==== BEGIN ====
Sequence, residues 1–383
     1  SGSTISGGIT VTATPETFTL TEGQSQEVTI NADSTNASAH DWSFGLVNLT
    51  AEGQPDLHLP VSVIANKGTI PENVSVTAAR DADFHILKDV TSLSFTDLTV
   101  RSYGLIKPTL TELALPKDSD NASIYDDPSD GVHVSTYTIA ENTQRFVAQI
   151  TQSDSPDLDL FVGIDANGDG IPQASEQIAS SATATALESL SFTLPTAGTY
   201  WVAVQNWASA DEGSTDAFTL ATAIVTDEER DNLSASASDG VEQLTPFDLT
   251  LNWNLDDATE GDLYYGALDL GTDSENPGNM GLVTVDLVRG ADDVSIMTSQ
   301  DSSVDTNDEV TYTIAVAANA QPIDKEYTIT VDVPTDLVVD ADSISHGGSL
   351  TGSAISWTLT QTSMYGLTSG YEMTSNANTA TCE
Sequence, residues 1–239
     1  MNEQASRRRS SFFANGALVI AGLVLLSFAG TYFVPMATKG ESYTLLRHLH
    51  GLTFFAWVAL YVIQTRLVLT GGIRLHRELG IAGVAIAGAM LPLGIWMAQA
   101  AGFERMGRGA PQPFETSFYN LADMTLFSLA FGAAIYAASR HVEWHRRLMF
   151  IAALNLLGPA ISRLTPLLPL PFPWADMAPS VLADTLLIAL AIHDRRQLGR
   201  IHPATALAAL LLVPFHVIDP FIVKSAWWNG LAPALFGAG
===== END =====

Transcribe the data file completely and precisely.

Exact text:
Sequence, residues 1–383
     1  SGSTISGGIT VTATPETFTL TEGQSQEVTI NADSTNASAH DWSFGLVNLT
    51  AEGQPDLHLP VSVIANKGTI PENVSVTAAR DADFHILKDV TSLSFTDLTV
   101  RSYGLIKPTL TELALPKDSD NASIYDDPSD GVHVSTYTIA ENTQRFVAQI
   151  TQSDSPDLDL FVGIDANGDG IPQASEQIAS SATATALESL SFTLPTAGTY
   201  WVAVQNWASA DEGSTDAFTL ATAIVTDEER DNLSASASDG VEQLTPFDLT
   251  LNWNLDDATE GDLYYGALDL GTDSENPGNM GLVTVDLVRG ADDVSIMTSQ
   301  DSSVDTNDEV TYTIAVAANA QPIDKEYTIT VDVPTDLVVD ADSISHGGSL
   351  TGSAISWTLT QTSMYGLTSG YEMTSNANTA TCE
Sequence, residues 1–239
     1  MNEQASRRRS SFFANGALVI AGLVLLSFAG TYFVPMATKG ESYTLLRHLH
    51  GLTFFAWVAL YVIQTRLVLT GGIRLHRELG IAGVAIAGAM LPLGIWMAQA
   101  AGFERMGRGA PQPFETSFYN LADMTLFSLA FGAAIYAASR HVEWHRRLMF
   151  IAALNLLGPA ISRLTPLLPL PFPWADMAPS VLADTLLIAL AIHDRRQLGR
   201  IHPATALAAL LLVPFHVIDP FIVKSAWWNG LAPALFGAG